“Abortion is unconstitutional and only legal today is because of liberal ‘activist judges’ who have corrupted the law.”
According to our system of government (at least, since judicial review was established in Marbury v. Madison), the Supreme Court has the power to review the law and determine whether or not it is constitutional. This means that their decisions are binding, regardless of what anybody else thinks about their opinions.
Personally, I intensely disagree with the Supreme Court on a lot of issues—most of all the idea that money equals speech in politics—but that doesn’t change the fact that the SCOTUS’s word is literally law. If they decide that money equals speech under the 1st Amendment, then that is the legal precedent that must followed unless a future SCOTUS sets a new precedent.
This is relevant because a series of SCOTUS decisions starting in the 1970s have consistently held that abortion is a right (with a few restrictions). It simply doesn’t matter what anybody THINKS about the constitutionality of abortion unless they are on the SCOTUS.
The NYTimes headline on the day Roe v. Wade was decided.
Roe v. Wade determined that states may not ban abortions and that the procedure is constitutionally protected until viability under the right to privacy. In the time since Roe, this right was clarified by several other cases, shaping the current regulatory regime. For example, Planned Parenthood v. Danforth determined that abortions were the right of a woman and that she doesn’t need the permission of her husband to access one, while Hodgson v. Minnesota determined that minors must either not have to get parental permission to get abortions or must be given access to judicial remedies to override parental objections. Conversely, some restrictions on abortion have been confirmed as constitutional, like the Hyde amendment bans on public funds to supply abortions at question in Harris v. McRae.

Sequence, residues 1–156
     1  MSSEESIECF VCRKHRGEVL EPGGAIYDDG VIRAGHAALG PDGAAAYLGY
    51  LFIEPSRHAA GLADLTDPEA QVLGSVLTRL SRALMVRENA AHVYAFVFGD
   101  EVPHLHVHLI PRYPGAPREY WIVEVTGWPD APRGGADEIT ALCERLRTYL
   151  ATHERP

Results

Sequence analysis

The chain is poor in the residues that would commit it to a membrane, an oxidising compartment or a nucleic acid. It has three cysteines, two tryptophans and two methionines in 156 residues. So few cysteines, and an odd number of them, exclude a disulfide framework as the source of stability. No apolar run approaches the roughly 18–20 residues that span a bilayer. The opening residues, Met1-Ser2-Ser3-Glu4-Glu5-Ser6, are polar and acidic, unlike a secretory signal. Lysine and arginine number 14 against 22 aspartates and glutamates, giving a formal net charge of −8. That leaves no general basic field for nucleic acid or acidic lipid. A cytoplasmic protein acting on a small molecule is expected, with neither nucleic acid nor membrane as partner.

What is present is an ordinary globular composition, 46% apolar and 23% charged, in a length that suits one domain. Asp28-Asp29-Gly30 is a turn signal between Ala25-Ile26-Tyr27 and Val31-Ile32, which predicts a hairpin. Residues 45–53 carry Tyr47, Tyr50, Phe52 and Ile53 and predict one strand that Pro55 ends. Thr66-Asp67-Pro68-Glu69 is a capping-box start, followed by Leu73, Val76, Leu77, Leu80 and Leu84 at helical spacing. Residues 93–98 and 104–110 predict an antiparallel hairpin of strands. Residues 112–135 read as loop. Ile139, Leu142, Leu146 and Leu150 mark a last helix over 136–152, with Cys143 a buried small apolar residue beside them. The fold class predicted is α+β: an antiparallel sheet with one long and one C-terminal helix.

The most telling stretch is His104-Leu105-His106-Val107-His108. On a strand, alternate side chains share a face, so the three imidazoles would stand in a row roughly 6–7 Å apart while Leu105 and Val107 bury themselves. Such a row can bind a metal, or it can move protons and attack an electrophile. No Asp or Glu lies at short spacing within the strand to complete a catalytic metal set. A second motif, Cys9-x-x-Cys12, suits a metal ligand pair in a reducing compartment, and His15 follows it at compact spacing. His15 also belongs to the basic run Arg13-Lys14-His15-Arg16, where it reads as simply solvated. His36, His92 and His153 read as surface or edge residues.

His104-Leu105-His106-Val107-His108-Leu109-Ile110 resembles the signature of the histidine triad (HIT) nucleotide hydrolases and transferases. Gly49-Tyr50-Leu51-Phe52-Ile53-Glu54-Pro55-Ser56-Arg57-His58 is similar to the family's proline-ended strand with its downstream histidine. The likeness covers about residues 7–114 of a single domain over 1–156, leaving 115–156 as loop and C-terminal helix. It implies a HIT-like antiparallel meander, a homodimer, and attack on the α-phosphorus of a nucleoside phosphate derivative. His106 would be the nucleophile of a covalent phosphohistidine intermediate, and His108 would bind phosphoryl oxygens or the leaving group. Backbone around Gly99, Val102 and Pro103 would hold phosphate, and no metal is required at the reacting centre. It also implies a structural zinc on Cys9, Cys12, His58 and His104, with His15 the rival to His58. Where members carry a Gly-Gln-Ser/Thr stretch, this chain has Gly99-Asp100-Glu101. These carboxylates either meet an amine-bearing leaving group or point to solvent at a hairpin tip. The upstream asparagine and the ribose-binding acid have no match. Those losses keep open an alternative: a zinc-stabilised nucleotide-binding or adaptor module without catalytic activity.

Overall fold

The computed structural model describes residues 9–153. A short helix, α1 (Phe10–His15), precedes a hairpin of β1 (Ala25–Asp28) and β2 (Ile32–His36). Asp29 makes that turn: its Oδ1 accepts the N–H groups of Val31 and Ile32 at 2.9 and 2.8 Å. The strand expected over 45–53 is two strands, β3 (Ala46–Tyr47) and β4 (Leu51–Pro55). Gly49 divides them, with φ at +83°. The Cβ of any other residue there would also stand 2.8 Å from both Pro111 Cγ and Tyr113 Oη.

Under the law today, it is a demonstrable fact that abortion is not only constitutional, but protected. If you don’t like this, you have every right to petition the government to amend the Constitution and change the law. However, until you do this, you simply cannot make the argument that it is unconstitutional.
As to the second half of the anti-abortion argument that these decisions are simply examples of liberal judicial activism, this is just sour grapes. Roe v. Wade was decided by a bipartisan 7-2 vote in the Burger court (Warren Burger was a conservative who was appointed by Richard Nixon) and I have no doubt that, if it had gone the other way, all of these anti-abortion activists would be trumpeting the finality and authority of the court.
Accusations of “liberal judicial activism” are common within the right wing after major advances in civil rights. They said it when the SCOTUS banned segregation, after it expanded privacy rights to cover sexual activities (Lawrence v. Texas), and when it forced southern states to stop denying racial minorities the vote. For the most part, it is a placeholder argument for conservatives who cannot argue on the merits and who are bitter that that are no longer allowed to discriminate against a racial, religious, or gender group.
This article will be continued in part #3 on Thursday. Please read, share, and come back to read the next installment.